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Fort Ridgely’s hiking trail is lit with luminaries for a winter candlelight hike in 2020. Similar candlelight hikes are scheduled each year at area state parks. A candlelight hike will be held in Minneopa on January 15. Another candlelight hike will take place in Fort Ridgely on Saturday, photo submitted by Joanne Svendsen

During Minnesota’s long, cold winters, state parks offer an alternative to cabin fever.

State parks in the region are open to visitors during the winter season. While some amenities

are closed during the cold months, the natural beauty of the parks is preserved all year round. In

in some cases, winter weather can even enhance park enjoyment.

Flandrau State Park

Photo by Clay Schuldt Flandrau’s hiking trails offer impressive winter scenery. The Old Dam trail has several scenic viewpoints.

Flandrau State Park was originally called Cottonwood River State Park for the river. It was renamed in 1945 in honor of pioneer Charles E. Flandreau.

In the 1930s and 1940s, the park was the site of a Work Projects Administration (WPA) camp. Several buildings constructed by the WPA remain in the park.

Flandrau is known for its year-round hiking trails. In the winter, the trails become popular as snowshoe and cross-country ski trails.

Currently, the Flandrau ski slopes are ungroomed, but the snowshoe and hiking trails remain open all winter.

The main hiking route through Flandrau is the Old Dam trail. Users are invited to take the snowshoe trail to access this trail. The wooden stairs on the trail are starting to erode after years of flooding on the Cottonwood.

Photo by Clay Schuldt Griffin Bell climbing the frozen waterfall in Minneopa State Park. This isn’t Bell’s first time climbing the falls. His previous ascent was with a rope. This one is with ice picks.

The trail will take visitors to several scenic viewpoints of the Cottonwood River and the former dam site.

Fort Ridgely

Fort Ridgely is one of Minnesota’s oldest state parks. The fort played a major role in the American-Dakota War of 1862. In 1896, the legislature passed a bill to preserve the land as a memorial. In 1911 it became a national park.

Besides historical significance, Fort Ridgely Park offers over nine miles of hiking trails and over 13 miles of equestrian trails. In winter, the trails are open for hiking and snowshoeing. A chalet remains open year-round for visitors and is located at the start of the hiking trails.

During the winter months, Fort Ridgely is a great place to snowshoe. Several group snowshoe hikes are organized each winter.

Photo by Clay Schuldt Carolyn Black and Roger Voelz get out the ski poles for a hike through Fort Ridgely. Black and Voelz are regular visitors to the park. Black said she can’t say enough good things about Fort Ridgely. She has introduced many people to the park over the years.

This winter has been unusual in terms of snow accumulation. In a normal year, navigating the trails would require snowshoes, but with only a few inches of snow, normal hiking boots will suffice.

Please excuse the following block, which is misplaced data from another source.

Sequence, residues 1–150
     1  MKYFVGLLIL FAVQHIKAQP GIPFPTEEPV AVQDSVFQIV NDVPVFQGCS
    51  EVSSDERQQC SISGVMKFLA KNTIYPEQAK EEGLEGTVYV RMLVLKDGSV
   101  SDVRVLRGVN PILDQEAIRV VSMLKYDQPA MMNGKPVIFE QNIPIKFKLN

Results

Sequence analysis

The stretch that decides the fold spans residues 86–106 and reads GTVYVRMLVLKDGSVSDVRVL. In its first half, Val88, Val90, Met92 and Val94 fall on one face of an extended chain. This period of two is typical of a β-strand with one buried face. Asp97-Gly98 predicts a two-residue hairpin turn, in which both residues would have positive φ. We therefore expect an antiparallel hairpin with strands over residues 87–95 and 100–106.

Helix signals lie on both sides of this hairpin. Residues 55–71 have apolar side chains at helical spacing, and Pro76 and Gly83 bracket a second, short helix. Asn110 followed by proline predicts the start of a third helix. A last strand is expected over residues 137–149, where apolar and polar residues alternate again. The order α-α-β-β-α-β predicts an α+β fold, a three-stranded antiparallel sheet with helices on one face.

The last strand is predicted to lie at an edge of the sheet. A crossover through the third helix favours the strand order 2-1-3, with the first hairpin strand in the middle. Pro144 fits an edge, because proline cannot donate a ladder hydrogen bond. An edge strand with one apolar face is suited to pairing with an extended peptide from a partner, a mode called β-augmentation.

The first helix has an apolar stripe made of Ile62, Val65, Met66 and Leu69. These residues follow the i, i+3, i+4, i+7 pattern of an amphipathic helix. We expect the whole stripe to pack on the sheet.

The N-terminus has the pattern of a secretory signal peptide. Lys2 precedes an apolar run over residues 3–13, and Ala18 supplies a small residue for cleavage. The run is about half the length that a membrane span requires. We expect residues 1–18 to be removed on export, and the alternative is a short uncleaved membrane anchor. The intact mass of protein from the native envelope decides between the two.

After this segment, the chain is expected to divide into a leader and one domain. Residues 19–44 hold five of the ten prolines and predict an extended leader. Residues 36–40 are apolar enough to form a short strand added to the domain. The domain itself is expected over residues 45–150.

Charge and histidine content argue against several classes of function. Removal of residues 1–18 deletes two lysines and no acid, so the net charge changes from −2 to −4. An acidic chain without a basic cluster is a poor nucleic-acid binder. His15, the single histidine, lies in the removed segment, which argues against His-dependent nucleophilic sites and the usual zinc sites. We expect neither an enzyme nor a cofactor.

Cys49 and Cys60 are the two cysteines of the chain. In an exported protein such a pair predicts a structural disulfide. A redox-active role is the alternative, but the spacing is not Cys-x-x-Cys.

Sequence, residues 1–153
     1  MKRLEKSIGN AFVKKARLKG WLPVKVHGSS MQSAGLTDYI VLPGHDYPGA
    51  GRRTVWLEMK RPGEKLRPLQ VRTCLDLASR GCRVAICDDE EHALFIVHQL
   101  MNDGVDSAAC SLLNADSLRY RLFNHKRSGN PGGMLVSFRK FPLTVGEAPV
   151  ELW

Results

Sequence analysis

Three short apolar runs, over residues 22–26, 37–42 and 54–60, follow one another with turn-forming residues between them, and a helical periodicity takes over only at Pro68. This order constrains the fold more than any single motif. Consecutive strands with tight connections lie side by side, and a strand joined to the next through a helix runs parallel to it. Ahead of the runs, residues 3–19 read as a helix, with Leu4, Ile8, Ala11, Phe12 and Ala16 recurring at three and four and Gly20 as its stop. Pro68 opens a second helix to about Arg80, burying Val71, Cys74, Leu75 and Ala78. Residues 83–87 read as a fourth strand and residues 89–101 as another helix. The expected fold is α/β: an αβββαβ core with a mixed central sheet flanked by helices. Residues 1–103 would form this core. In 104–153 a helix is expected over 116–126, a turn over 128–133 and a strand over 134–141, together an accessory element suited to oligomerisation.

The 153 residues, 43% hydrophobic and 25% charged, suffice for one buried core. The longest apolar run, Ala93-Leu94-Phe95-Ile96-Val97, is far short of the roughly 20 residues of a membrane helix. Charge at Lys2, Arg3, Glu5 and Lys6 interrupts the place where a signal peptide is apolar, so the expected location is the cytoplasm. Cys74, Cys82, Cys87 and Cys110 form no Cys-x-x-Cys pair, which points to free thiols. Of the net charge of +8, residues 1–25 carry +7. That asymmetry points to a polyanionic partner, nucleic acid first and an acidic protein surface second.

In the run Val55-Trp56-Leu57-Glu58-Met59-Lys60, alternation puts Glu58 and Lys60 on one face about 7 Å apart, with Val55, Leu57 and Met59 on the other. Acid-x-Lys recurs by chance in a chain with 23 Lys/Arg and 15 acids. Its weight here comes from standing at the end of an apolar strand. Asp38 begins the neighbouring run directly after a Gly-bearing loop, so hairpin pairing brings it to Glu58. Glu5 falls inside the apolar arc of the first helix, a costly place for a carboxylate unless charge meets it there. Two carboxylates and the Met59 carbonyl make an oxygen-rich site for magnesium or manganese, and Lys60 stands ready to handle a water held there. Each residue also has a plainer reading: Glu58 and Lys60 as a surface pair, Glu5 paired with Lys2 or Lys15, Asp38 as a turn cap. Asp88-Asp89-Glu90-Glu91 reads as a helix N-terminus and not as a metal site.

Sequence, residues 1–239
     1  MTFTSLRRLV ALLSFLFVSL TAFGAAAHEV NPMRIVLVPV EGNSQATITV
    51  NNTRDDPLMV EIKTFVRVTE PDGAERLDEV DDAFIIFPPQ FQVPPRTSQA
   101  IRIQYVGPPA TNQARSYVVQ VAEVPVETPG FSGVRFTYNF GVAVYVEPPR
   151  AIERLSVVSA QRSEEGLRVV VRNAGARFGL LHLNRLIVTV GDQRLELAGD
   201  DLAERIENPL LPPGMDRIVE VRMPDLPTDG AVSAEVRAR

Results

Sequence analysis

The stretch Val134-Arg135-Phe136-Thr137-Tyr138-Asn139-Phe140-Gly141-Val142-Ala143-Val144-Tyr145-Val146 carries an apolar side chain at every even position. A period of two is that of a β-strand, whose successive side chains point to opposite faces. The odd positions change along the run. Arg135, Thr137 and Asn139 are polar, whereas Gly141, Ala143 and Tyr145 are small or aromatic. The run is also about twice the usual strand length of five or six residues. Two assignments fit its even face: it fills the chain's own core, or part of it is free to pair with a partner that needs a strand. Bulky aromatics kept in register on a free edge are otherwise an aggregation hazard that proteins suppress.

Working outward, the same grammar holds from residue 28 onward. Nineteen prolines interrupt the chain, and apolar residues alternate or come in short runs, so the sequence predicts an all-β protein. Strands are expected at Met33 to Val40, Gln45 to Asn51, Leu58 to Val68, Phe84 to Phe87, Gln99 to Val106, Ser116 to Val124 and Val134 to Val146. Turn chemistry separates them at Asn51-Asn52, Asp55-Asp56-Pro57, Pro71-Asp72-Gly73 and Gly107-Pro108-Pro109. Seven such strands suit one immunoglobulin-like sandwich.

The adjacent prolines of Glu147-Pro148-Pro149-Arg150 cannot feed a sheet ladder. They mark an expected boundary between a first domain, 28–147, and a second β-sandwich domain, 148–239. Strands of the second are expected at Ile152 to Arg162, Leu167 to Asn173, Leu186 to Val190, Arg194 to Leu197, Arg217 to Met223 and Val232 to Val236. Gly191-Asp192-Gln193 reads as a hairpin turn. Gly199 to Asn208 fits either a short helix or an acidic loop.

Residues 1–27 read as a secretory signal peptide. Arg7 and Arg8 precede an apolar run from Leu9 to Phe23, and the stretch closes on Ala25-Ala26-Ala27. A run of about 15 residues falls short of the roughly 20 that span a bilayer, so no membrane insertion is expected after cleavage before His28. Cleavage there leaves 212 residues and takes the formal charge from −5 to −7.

Minnesota Department of Natural Resources (DNR) naturalist Scott Kudelka said that with minimal snow, snowshoes are more of an obstacle. He recommended only taking snowshoes out when the snow is at least four to five inches deep.

One of the biggest benefits of hiking state park trails in the winter is that it becomes easier to see evidence of wildlife.

Animal footprints are easily visible in the snow. Fort Ridgely and other state parks are teeming with wildlife that few would notice. Rabbit and deer tracks are common in the snow, but the snow also confirms the presence of coyotes.

Minnesota

Minneopa was established as a state park in 1905, making it Minnesota’s third state park. The name “Minneopa” comes from the Dakota language and means “water falls twice”. This is a reference to the Minneopa Creek waterfalls.

The Minneopa Falls attract thousands of visitors each year, but it is during the winter months that visitors can get closest to the falls.

Minneopa Creek freezes over during the winter months and that includes the waterfalls. The result is an impressive vertical ice formation.

The walking path to the frozen falls is open in winter, although signs warn that the steps could be covered in snow and ice. Those willing to brave the 70 steps to the base of the waterfall can get a close view of the falls.

Recently, mountaineer Griffin Bell got as close to the falls as possible. Using ice picks and spiked shoes, he scaled the Minneopa ice flow. It was the second time he climbed the frozen falls this year. His first time was with ropes.

Besides the falls, the bison route is open Thursday to Tuesday from 9 a.m. to 3:30 p.m. The bison route

is closed on Wednesdays for maintenance.

Group hikes

Those who wish to explore the parks with a group are in luck. During the rest of January, group hikes are planned in these state parks.

On Saturday, January 15, naturalist Scott Kudelka will lead a tour of Flandrau State Park from the Beach House.

Later that evening, at 5:00 p.m., a candlelight hike will take place at Minneopa State Park from the group campsite.

On Friday, January 21, a hike through Fort Ridgely is scheduled for a 10 a.m. meeting at the chalet parking lot.

A second group hike will take place at 1 p.m. in Minneopa State Park.

On Saturday, January 29, a hike through Flandrau will start at 10 a.m. This hike will include a program on beaver ecology. A second hike is scheduled for 1 p.m. in Minneopa.

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